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Powell River city council questioned about Catalyst revitalization

Resident writes letter regarding legitimacy of tax exemption
LAWYERS RESPOND: City councillors believe that a legal opinion they have received about the Catalyst mill’s revitalization tax exemption makes the process they followed legitimate.

City of Powell River Council is standing behind a legal opinion that the revitalization tax exemption the city provides to the Catalyst paper mill does not violate the Community Charter.

At the March 16 committee of the whole meeting, councillors reviewed correspondence from resident George Orchiston, who said the tax exemption is invalid. Under the revitalization tax exemption, the mill pays $3.2 million per year in municipal taxes. Orchiston, in his letter, estimated the mill, in 2021, had an exemption of more than $2.7 million.

Orchiston stated his position is the tax exemption bylaw is invalid because neither the required public notice, nor the revitalization tax bylaw, provided any information related to a revitalization Catalyst was to carry out at its Powell River property in order to qualify for a tax exemption from the city.

Mayor Dave Formosa said he believes this particular question had been put to council in previous letters. He said the city has engaged its legal team each time a letter has been received from Orchiston.

“Our legal team has come back with answers each and every time, telling us we are on the right side of the Community Charter,” said Formosa. “Their last response was quite short and sweet, which we paid for yet again. I would ask the chief administrative officer to give us an overview of what our move is with this particular letter.”

Chief administrative officer Russell Brewer said there is no change in advice from the lawyers that has been received regarding all of Orchiston’s correspondence.

Councillor Rob Southcott said he was sure there was no way for Orchiston to anticipate what might have been in the minds of the company during the planning conducted by Catalyst Paper Corporation for the Powell River mill when the bylaw was enacted. Southcott said in retrospect, it’s easy to understand how Orchiston might think what he expressed in his letter, but not knowing what might have been planned, he didn’t have any real way to judge the situation. Southcott said there has been a repurposing of a paper machine and now it is allowing for the mill to open up again.

“I just wanted to make that comment because the question keeps being asked, but it seems to me there is real legitimacy and our lawyers have said that,” added Southcott.

Councillor George Doubt said the best argument that the revitalization tax exemption was a valid thing to do is the fact that Catalyst recently recalled workers and that is going to make a significant difference to the economy of the City of Powell River.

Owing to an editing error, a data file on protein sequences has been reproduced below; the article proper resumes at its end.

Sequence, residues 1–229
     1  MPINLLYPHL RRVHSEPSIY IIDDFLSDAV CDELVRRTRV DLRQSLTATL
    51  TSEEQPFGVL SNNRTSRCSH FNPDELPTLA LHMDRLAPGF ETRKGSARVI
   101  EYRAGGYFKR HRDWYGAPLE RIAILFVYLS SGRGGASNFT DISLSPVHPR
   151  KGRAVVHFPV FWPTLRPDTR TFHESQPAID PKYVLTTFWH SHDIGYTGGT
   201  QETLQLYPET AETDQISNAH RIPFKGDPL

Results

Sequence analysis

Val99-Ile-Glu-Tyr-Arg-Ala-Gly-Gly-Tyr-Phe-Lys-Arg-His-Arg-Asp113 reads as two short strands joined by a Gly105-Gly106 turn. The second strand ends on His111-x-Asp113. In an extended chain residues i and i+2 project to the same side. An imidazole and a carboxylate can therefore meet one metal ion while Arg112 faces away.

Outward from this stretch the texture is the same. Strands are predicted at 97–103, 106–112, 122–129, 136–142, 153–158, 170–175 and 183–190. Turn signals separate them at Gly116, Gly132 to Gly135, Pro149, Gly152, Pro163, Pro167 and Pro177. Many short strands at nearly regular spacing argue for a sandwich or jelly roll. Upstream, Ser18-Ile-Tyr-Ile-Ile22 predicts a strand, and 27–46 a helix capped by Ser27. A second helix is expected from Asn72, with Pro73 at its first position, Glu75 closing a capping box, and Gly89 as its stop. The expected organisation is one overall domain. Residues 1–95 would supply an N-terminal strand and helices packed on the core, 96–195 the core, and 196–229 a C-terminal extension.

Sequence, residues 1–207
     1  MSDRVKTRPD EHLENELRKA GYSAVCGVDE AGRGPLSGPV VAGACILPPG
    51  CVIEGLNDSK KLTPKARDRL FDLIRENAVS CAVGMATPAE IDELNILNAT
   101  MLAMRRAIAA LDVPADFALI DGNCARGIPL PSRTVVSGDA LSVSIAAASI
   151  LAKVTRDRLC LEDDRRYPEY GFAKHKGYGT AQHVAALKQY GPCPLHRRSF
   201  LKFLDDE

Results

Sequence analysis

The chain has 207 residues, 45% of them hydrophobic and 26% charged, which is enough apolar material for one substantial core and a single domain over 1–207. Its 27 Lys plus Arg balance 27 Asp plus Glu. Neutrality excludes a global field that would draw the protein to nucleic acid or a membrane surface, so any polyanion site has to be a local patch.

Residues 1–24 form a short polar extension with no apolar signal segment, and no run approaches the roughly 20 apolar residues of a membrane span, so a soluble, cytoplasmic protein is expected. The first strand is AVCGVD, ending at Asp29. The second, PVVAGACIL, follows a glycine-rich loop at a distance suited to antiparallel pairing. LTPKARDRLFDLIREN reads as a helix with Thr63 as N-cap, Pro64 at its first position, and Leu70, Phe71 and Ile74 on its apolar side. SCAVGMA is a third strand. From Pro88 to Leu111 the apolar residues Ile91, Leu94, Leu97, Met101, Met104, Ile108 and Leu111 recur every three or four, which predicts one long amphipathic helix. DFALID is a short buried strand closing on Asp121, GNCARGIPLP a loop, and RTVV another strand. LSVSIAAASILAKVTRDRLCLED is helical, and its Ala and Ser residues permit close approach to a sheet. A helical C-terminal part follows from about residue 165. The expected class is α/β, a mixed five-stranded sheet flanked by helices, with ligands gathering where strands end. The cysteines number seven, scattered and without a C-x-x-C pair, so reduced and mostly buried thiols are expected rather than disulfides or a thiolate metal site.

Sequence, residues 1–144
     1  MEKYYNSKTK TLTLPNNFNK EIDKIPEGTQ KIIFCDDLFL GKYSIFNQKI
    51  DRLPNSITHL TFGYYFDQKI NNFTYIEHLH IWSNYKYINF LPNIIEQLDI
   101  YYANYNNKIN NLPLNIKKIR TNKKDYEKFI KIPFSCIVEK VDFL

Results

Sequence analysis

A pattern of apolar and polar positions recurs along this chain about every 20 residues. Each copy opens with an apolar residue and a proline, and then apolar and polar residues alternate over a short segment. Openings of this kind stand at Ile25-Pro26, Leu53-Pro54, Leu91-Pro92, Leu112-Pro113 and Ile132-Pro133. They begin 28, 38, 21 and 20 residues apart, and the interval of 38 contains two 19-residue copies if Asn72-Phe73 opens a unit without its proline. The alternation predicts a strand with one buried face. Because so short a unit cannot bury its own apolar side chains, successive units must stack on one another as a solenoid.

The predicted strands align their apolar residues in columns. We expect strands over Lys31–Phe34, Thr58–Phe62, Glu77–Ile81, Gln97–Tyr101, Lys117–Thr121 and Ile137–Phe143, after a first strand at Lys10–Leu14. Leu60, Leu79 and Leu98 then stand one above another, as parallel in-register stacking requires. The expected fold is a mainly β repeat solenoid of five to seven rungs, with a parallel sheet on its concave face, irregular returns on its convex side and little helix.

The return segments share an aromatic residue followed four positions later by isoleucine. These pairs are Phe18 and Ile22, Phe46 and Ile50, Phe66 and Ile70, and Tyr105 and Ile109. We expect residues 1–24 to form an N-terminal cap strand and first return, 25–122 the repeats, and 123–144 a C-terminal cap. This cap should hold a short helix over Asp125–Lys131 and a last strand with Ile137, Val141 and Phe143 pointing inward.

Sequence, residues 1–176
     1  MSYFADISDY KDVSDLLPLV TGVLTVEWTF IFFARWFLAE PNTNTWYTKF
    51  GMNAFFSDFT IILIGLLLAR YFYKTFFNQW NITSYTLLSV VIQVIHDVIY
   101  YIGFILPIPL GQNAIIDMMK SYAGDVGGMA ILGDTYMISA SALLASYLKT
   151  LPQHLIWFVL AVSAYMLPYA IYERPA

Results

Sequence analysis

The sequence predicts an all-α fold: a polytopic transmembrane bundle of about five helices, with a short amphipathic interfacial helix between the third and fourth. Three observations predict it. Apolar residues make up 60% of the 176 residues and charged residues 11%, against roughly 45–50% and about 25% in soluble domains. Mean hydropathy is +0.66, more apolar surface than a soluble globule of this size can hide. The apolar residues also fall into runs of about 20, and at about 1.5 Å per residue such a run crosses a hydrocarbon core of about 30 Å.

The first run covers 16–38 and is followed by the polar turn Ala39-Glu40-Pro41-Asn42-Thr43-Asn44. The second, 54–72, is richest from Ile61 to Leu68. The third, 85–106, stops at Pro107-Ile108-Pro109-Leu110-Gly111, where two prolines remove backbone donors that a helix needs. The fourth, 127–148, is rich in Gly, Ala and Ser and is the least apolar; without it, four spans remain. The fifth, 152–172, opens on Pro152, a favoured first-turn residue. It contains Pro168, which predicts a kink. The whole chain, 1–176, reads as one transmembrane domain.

“Hopefully, they will keep growing but I think the revitalization tax agreement was an important part of that,” said Doubt. “It has been my opinion and it still is.”

Council and Catalyst kept in touch

Formosa said during the conversation with the mill, the whole time, council was kept informed of what Catalyst’s plans were. He said the previous paper market that the mill had was gone and efforts were being made to create some new markets. He said the paper to be produced in the mill start-up is a new product, and there are plans to produce rolls of thermomechanical pulp for offshore markets.

“While we were negotiating, trying to keep this mill valid and viable, Patrick [Corriveau, vice-president of paper and packaging at Catalyst parent company Paper Excellence] said how he was struggling with the owners but thinks the products could be made without having to spend the millions they need to spend, and as Patrick says, they want to spend,” said Formosa. “He has put in a proposal to the owner to spend lots of money to upgrade those machines. They are a paper company; they are not a hedge fund. It’s hoped there will be capital to repurpose them to make specific products.

“For the whole time they were talking about this, [Corriveau] came through with what he told us. They got the orders; they’re making this paper and it went public. The paper was never made here before.”

Formosa said the city could have given up on Catalyst but it didn’t because the city was kept informed.

“We brought that information to council and council made a decision, making use of our staff, who understand the Community Charter, who used the lawyers who understand the Community Charter, who said we were on the right side of the charter.”

Councillor Maggie Hathaway said her position was: asked and answered. She recommended Orchiston’s correspondence be noted and filed.

Committee chair councillor Jim Palm said he took it as very good news that the mill is producing a new product, moving forward with the recall of 200 workers.

“Hopefully, the second machine will start up with the mechanical pulp and all 350 employees will be back to work,” said Palm. “It’s all good news for Powell River.”